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The Mother of All Questions

The Mother of All Questions

Scris de Rebecca Solnit

Povestit de Tanya Eby


The Mother of All Questions

Scris de Rebecca Solnit

Povestit de Tanya Eby

evaluări:
4.5/5 (27 evaluări)
Lungime:
5 hours
Lansat:
May 16, 2017
ISBN:
9781541476264
Format:
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Nota editorului

Timely and incisive…

Rebecca Solnit has become a guiding light in progressive principles and feminism. This follow-up to her incredibly influential “Men Explain Things to Me” further examines the ways that misogyny and gender continue to impact the world in ways big and small.

Descriere

In a timely and incisive follow-up to her national bestseller Men Explain Things to Me, Rebecca Solnit offers sharp commentary on women who refuse to be silenced, misogynistic violence, the fragile masculinity of the literary canon, the gender binary, the recent history of rape jokes, and much more.

In her characteristic style, Solnit mixes humor, keen analysis, and sharp insight in these eleven essays.
Lansat:
May 16, 2017
ISBN:
9781541476264
Format:
Carte audio

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Despre autor

San Francisco writer Rebecca Solnit is the author of fifteen books about art, landscape, public and collective life, ecology, politics, hope, meandering, reverie, and memory. They include the critically acclaimed memoir The Faraway Nearby; Infinite City: A San Francisco Atlas; A Paradise Built in Hell: The Extraordinary Communities That Arise in Disaster; Storming the Gates of Paradise; A Field Guide to Getting Lost; Hope in the Dark: Untold Histories, Wild Possibilities; Wanderlust: A History of Walking; As Eve Said to the Serpent: On Landscape, Gender, and Art; and River of Shadows: Eadweard Muybridge and the Technological Wild West, for which she received a Guggenheim fellowship, the National Book Critics Circle Award in criticism, and the Lannan Literary Award. Solnit has worked with climate change, Native American land rights, antinuclear, human rights, and antiwar issues as an activist and journalist. She is a contributing editor to Harper’s and a frequent contributor to the political site Tomdispatch.com and has made her living as an independent writer since 1988.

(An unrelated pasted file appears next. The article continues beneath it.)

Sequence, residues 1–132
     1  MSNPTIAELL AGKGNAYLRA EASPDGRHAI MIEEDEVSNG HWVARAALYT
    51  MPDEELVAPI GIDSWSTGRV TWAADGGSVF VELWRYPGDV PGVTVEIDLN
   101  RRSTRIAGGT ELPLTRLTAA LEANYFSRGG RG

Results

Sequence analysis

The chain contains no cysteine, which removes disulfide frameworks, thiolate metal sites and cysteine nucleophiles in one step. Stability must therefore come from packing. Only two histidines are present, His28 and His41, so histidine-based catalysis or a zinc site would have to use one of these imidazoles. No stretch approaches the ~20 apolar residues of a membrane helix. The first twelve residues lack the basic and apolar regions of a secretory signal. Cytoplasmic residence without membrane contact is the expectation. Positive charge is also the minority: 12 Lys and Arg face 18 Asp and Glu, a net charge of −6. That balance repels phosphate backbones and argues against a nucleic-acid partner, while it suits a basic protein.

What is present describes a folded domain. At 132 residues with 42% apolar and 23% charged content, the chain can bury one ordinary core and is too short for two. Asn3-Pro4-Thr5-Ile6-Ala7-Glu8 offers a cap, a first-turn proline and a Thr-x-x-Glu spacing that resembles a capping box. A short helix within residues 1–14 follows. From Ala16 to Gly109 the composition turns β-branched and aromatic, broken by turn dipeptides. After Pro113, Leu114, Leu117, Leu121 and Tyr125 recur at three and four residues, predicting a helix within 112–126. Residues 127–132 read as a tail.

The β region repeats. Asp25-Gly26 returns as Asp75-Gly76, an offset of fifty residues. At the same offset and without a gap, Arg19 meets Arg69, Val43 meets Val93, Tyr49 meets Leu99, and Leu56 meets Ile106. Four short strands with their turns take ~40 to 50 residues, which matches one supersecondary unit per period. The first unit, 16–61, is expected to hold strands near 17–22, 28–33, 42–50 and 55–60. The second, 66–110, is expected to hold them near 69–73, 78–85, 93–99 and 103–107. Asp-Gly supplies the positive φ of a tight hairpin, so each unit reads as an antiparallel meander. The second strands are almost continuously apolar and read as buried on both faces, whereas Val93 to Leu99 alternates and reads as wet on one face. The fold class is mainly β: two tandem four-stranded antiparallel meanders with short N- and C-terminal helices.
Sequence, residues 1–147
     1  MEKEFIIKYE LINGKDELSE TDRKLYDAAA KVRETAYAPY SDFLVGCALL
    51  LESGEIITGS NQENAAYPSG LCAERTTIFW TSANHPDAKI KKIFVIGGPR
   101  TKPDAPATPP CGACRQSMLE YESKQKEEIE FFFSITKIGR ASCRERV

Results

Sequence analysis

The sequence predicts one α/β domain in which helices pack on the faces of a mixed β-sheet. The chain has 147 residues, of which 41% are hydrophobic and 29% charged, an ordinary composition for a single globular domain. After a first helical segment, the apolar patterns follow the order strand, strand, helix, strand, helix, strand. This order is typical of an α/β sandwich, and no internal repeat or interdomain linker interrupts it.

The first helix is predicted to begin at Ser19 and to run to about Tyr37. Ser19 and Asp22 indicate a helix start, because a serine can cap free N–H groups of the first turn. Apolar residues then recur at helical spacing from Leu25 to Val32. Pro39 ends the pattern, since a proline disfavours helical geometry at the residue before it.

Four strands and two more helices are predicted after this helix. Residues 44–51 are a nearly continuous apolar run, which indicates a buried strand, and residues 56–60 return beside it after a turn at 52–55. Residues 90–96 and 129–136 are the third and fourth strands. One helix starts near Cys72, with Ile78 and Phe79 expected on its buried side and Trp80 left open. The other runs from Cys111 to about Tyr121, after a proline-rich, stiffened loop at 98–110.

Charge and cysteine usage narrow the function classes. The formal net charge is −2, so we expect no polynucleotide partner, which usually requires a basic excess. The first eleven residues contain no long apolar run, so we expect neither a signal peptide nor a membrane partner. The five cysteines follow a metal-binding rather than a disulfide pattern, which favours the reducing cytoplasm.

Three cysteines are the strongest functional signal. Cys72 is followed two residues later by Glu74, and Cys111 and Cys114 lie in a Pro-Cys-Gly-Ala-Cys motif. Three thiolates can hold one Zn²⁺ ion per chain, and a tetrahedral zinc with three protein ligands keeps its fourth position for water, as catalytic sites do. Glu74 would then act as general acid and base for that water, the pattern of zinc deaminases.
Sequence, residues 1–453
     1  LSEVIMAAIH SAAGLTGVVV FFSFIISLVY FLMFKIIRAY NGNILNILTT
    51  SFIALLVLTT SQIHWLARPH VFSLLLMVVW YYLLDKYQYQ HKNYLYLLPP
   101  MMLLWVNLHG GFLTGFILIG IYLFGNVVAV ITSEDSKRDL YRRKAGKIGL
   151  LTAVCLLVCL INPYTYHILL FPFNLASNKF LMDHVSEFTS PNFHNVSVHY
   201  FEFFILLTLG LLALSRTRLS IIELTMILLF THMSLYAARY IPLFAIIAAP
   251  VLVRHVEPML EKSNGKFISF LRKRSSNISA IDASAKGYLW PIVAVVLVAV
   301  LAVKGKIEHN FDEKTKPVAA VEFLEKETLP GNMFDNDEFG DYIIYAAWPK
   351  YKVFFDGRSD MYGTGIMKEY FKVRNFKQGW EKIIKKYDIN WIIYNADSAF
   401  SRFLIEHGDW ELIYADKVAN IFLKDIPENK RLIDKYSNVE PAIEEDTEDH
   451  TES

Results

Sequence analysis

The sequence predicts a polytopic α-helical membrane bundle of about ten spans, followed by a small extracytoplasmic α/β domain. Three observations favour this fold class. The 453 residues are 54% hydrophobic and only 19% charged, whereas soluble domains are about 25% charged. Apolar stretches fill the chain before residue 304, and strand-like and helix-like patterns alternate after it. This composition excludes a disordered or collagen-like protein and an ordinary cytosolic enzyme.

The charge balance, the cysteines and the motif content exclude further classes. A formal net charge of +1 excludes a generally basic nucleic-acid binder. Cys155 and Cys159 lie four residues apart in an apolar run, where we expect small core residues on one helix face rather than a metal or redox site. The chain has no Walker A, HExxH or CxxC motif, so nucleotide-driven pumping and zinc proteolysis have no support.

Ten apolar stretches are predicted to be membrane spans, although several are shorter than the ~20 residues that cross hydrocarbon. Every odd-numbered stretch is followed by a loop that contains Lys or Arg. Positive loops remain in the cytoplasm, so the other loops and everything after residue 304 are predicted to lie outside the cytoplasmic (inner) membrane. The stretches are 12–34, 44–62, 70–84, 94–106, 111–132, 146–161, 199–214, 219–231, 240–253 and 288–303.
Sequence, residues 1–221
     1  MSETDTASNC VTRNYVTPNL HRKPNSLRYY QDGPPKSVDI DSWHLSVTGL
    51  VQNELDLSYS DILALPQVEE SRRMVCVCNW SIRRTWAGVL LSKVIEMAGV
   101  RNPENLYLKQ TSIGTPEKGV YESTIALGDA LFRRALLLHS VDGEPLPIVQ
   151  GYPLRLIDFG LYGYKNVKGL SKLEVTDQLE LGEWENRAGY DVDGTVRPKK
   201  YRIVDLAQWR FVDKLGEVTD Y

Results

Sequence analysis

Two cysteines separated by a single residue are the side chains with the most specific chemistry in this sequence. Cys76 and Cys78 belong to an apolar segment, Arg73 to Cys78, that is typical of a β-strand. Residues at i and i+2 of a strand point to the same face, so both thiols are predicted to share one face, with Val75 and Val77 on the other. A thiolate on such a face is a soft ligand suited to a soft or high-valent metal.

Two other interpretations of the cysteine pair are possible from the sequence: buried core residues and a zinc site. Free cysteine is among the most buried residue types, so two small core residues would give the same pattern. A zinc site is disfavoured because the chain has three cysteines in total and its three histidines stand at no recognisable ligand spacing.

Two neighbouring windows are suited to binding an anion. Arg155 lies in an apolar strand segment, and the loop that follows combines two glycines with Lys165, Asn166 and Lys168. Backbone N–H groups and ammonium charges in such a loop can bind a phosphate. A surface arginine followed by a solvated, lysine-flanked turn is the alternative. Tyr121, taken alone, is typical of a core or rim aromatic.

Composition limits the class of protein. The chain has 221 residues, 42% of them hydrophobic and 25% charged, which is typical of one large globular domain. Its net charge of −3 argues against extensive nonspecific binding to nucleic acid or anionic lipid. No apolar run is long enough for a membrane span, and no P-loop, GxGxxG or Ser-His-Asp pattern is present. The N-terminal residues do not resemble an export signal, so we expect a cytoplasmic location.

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  • (5/5)
    A series of essays by the woman who coined the term "mansplaining". She celebrates recent advances in working against rape culture, though without noting #MeToo, because this book predates it (though barely). Some of the things must be embarrassing the author right now - how could she have predicted that Louis C. K., a prime feminist comic, would turn out to be one of the men who would be accused of molesting women he encountered in the workplace? In addition, the amazing movement she discusses has, like so many similar movements, turned out to be less amazing than hoped, as women have lost ground in such areas as the Supreme Court (Brett Kavanaugh) and in several prominent cases that appear to be faltering. In the end, not as much has changed as hoped, and women seem to be retreating to lick their wounds. Still, it is not expected that the author would have a functional crystal ball, since so few of us do. This book is a valuable resource in spite of the misplaced optimism; she is a much-needed voice in the growing feminist literature. My one complaint is one that I rarely make: the book was too short. She could have doubled, even tripled, the length, and it likely would not have worn out its welcome.